Dawkins lastly explores the scientific reality of why people die. He claims it is not something to overcome, but it is an evolutionary occurrence that must happen in order for the world to keep developing. He speaks with Irving, a 105-year-old man who has gone to work every day since 1927, in looking for the answer to why some people live longer than others. He discovers that genes affect our lifespan, not lifestyle or environment, and that most centennials have fewer children at a later age. Dawkins has his entire genome sequenced to find out what keeps him alive and what could potentially cause his death. Dawkins end the episode by concluding that as we learn and understand more about DNA, there will be less of a reliance on religion to cope with and understand death.
Part 3: The Meaning of Life
In the third and final episode, Dawkins examines how both religious and non-religious people struggle to find meaning in their lives. Segments of the episode are anchored to aspects of the lives of writers Leo Tolstoy, Graham Greene, and Albert Camus (specifically The Myth of Sisyphus).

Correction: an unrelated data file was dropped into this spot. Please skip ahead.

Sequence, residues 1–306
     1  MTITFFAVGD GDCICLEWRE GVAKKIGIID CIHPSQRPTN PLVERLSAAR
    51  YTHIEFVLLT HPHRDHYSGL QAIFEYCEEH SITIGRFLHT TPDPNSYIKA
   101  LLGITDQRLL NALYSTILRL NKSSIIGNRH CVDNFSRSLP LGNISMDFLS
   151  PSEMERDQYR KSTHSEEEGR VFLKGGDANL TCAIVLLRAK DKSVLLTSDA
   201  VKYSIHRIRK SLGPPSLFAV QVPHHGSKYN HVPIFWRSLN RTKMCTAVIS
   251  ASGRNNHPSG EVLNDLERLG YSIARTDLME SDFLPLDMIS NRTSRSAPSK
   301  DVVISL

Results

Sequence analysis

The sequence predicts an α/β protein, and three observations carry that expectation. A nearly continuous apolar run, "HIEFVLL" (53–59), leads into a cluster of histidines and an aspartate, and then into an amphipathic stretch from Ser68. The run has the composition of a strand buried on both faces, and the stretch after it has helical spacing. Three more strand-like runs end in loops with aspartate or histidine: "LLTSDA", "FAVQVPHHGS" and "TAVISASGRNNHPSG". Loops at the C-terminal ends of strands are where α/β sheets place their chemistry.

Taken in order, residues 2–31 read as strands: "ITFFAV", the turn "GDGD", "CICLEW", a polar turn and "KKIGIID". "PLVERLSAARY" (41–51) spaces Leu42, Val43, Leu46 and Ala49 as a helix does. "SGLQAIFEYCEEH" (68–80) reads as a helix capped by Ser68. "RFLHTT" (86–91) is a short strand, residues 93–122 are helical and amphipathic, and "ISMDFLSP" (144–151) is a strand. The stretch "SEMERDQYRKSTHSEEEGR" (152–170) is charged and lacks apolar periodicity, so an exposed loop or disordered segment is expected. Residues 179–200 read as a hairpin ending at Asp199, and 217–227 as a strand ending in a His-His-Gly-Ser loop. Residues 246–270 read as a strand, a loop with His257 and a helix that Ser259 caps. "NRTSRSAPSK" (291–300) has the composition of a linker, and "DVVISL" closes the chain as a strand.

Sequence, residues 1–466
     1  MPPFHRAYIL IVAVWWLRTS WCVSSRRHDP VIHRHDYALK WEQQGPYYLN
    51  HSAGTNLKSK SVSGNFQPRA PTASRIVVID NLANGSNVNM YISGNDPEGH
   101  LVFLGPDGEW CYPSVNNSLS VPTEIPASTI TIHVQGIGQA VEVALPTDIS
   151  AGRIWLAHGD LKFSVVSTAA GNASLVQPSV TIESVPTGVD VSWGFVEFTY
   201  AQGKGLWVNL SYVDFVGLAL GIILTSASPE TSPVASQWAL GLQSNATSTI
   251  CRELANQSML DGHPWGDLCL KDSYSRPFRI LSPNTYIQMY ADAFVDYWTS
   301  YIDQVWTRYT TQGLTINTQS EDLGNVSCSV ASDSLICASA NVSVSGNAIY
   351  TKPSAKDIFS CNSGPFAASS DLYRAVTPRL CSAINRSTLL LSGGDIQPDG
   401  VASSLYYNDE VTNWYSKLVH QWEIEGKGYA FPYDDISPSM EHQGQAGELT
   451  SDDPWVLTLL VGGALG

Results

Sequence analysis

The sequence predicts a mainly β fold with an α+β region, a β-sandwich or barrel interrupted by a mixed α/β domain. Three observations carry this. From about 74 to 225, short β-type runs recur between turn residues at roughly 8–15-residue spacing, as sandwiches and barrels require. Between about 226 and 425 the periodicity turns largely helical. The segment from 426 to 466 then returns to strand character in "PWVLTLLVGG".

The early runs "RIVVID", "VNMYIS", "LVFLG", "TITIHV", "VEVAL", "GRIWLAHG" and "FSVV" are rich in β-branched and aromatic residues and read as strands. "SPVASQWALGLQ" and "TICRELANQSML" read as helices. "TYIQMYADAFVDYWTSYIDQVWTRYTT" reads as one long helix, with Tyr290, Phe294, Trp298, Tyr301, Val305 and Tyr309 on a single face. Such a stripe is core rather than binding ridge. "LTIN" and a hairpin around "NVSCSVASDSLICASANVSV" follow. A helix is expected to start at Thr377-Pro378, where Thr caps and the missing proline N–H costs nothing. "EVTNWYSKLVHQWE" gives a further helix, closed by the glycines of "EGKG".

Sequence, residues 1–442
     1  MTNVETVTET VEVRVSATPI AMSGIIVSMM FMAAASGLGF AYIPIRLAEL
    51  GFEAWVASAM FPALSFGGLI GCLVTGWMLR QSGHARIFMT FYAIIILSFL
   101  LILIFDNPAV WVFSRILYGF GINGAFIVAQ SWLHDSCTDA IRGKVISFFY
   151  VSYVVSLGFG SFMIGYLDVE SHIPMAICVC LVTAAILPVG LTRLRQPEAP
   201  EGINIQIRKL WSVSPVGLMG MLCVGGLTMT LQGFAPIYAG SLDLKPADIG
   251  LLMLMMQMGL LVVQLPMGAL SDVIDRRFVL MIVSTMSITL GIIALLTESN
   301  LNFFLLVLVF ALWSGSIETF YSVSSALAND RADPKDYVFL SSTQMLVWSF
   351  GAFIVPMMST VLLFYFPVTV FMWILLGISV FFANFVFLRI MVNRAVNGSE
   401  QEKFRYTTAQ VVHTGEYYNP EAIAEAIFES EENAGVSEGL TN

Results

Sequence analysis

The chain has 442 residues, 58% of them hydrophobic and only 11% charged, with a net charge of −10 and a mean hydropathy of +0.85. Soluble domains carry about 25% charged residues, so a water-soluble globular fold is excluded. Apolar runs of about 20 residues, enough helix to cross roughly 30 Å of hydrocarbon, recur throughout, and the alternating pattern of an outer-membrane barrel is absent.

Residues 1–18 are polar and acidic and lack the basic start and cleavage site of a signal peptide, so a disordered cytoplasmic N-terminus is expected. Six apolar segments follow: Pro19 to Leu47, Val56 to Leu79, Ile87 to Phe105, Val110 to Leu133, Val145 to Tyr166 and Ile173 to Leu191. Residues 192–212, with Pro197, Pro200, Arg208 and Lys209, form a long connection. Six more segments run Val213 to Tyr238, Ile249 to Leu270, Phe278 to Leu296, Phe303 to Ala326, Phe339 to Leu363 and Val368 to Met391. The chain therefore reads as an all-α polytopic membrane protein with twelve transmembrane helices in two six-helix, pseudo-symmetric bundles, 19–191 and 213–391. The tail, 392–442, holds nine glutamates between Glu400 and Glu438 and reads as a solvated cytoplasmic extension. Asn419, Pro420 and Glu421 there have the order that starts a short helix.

He focuses on figures such as Russian novelist Leo Tolstoy and how throughout his life he comes full circle on his quest to find meaning. Dawkins mentions how like him, Tolstoy was brought up Christian and as a young adult began to question and lose faith in his religion. Tolstoy is quoted, “Why do I live? Is there any meaning in my life that will not be annihilated by the inevitability of death?” Later in life Tolstoy takes a spiritual retreat at Mount St. Bernard Abbey and seeks enlightenment at the monastery.
Dawkins later juxtaposes the methods to which Tolstoy found meaning in his life to Albert Camus a philosopher during WW2 who did not seek religion when searching for the meaning in his life. Camus is quoted in saying, “Without the aid of eternal values, it is necessary to wonder whether life has a meaning.” Camus later in life comes up with the idea of “absurdity” claiming that life must have meaning in order to value it, and that we must find meaning in futile work while analyzing the Greek Myth of Sisyphus.